Like most folks, you’ve probably heard depression described as “chemical imbalance.” This explanation can be helpful. For one thing, it removes the stigma that you’re to blame. Depression is not something you can just “snap out of.” However, the chemical imbalance explanation dramatically over-simplifies reality. In doing so, it reduces the likelihood that you’ll explore other possible contributors to the disease.
Yes, chemicals are involved. But almost everything your body does involves chemicals in some way. To truly understand depression — and get the support you need — it’s useful to dig deeper to understand the entire process. That’s where recovery begins.
What Are Some of the Causes of Depression?
Sometimes, the catalyst is something specific that happens in your life. That’s not to say this event solely caused depression but it could be the factor that accelerates it to a diagnosable condition. Such events may include anything (even positive change) that causes a high amount of stress. These could range from getting married or moving to conflict with a person in your life. Other possible catalysts include:
- Too much social isolation (whether it’s by choice or not)
- Loss of a loved one
- Dealing with a medical condition
- Physical, sexual, or emotional abuse
- Drug or alcohol abuse
There are many other possible factors that result in depression. For example, some prescription drugs list depression as a possible side effect. So please talk to your doctor about this in advance. Certain demographics have been found to be at higher risk of depression, e.g. women and the elderly. Personality can play a role, too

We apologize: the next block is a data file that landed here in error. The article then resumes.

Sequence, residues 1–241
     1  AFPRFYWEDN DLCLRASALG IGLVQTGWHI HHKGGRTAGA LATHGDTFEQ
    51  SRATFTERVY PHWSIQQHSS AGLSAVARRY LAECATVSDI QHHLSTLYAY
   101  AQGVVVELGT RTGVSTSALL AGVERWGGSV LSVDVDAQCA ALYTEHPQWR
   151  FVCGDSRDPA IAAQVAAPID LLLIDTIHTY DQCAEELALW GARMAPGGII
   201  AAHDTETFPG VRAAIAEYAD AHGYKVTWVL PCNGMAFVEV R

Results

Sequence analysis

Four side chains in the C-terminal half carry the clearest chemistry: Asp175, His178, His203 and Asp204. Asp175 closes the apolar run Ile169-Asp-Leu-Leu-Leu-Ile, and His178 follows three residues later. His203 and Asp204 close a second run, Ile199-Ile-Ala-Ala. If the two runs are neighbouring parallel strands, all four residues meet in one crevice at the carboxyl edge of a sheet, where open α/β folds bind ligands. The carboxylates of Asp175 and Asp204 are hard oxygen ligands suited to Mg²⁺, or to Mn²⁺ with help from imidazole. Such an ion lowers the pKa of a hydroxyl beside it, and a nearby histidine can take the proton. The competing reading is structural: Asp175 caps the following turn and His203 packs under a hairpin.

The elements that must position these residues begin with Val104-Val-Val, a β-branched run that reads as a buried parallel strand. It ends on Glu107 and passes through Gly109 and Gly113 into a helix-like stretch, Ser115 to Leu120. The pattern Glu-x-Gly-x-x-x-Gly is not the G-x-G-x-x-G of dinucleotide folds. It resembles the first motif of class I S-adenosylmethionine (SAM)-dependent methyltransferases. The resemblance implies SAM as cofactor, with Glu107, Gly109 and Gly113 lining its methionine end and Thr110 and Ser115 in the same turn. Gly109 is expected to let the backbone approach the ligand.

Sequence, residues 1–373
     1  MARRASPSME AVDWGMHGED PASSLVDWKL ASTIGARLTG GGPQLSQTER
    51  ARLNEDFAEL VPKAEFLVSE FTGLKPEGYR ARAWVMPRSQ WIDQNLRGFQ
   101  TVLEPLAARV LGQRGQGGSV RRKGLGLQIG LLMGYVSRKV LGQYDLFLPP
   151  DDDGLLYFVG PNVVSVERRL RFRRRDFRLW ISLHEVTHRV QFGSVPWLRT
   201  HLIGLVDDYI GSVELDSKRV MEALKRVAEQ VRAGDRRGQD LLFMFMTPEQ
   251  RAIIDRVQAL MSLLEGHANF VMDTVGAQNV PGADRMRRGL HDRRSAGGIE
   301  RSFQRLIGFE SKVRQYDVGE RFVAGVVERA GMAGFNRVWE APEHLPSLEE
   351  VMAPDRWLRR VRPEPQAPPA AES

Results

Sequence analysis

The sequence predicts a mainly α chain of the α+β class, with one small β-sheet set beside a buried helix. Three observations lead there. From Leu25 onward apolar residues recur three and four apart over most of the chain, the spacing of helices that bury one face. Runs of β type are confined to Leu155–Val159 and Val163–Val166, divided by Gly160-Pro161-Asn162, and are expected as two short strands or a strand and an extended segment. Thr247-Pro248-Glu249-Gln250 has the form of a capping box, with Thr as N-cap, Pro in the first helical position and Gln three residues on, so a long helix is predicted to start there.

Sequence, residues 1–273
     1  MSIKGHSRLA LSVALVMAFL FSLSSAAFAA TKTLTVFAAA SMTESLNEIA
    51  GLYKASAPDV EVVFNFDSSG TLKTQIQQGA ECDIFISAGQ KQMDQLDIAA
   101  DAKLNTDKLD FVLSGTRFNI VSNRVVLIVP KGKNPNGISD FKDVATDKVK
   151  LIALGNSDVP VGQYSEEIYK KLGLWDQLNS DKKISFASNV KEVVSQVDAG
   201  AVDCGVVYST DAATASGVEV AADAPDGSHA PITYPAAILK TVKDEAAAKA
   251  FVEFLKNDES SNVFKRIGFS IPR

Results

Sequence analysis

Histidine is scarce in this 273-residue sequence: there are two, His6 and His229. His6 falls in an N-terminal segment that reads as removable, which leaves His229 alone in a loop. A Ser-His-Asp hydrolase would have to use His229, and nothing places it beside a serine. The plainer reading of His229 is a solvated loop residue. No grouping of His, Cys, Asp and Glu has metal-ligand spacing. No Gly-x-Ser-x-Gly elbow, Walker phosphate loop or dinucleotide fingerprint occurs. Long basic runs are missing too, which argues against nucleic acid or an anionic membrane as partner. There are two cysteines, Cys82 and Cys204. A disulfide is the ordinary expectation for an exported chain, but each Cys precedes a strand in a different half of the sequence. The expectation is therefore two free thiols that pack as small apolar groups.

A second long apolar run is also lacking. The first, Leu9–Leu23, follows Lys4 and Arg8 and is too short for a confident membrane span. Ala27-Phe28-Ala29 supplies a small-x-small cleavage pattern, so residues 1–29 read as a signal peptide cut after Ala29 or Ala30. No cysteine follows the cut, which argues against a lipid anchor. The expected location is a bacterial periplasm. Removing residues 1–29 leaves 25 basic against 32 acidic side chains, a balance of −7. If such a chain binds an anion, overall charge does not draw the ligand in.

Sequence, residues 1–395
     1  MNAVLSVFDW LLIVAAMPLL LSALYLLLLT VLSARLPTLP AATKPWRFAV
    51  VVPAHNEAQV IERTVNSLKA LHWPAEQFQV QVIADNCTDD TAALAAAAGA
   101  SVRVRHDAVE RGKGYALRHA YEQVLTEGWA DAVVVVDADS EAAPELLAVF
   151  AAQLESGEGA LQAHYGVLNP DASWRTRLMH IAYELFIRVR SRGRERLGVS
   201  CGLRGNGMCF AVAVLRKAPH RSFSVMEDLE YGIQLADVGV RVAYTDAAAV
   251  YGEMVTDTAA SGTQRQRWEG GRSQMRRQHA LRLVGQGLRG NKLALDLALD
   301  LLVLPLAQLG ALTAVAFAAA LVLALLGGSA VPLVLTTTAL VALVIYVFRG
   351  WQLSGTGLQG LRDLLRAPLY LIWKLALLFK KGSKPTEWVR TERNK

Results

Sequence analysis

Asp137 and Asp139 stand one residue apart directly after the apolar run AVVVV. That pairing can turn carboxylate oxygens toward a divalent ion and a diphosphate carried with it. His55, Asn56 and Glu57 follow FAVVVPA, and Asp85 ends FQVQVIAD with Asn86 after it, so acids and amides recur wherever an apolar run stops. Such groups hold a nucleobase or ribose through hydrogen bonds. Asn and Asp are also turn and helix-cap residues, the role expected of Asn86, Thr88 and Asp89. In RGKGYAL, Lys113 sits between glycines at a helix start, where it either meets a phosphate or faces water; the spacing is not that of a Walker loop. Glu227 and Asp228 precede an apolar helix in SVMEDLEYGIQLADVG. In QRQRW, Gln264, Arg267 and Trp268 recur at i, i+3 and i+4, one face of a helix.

People with low self-esteem seem to be more vulnerable. This can be the result of personal experiences but genetics could also contribute to this trend. Do not ignore the element of family history. You don’t “inherit” depression. However, there are signs that certain combinations of genes can increase your risk for depressive episodes.
What NOT to Do If You Suspect You Have Depression
- Resist the Urge to Withdraw: When you’re feeling down, it can feel logical to isolate yourself. This never helps. That said, this is probably not a good time to start creating new relationships and friendships.
- Don’t Assume It Will Just Go Away: Ask for support. Confide in trusted loved ones. Connect with a mental health professional.
- Do Not Try to “Self-Medicate” or Distract Yourself: It could be drinking. You might try video games. Some folks engage in doom-scrolling or fixate on sad music. These are just other forms of counterproductive withdrawal.
- Stop Comparing: It will be tempting to compare yourself to other people you know. If you’re depressed, this will almost certainly lead to more negative thought patterns.
What You Can Do If You Think You’re Depressed
Firstly, you’ll need to find some balance with your online time. Yes, you should educate yourself about depression, its symptoms, and its treatment. That said, you do not want to click and scroll until you find all the bad stories you can about depression. Simply put, if you notice symptoms, look them up. If they seem to be pointing toward depression, immediately seek help from an expert.
In the meantime, get yourself into a daily regimen of self-care. This may involve:
- Getting outside and getting active
- Engage in physical activity and exercise
- Make healthy eating choices
- Regulate your sleep routine so it doesn’t shift in one direction or another
- Find creative ways to express what you’re feeling
- Keep a gratitude journal to remind yourself of what’s good in the world.
Never assume you can recover on your own. Depression is a challenging condition that requires professional support. Let’s connect for a free and confidential consultation on how depression therapy can help you.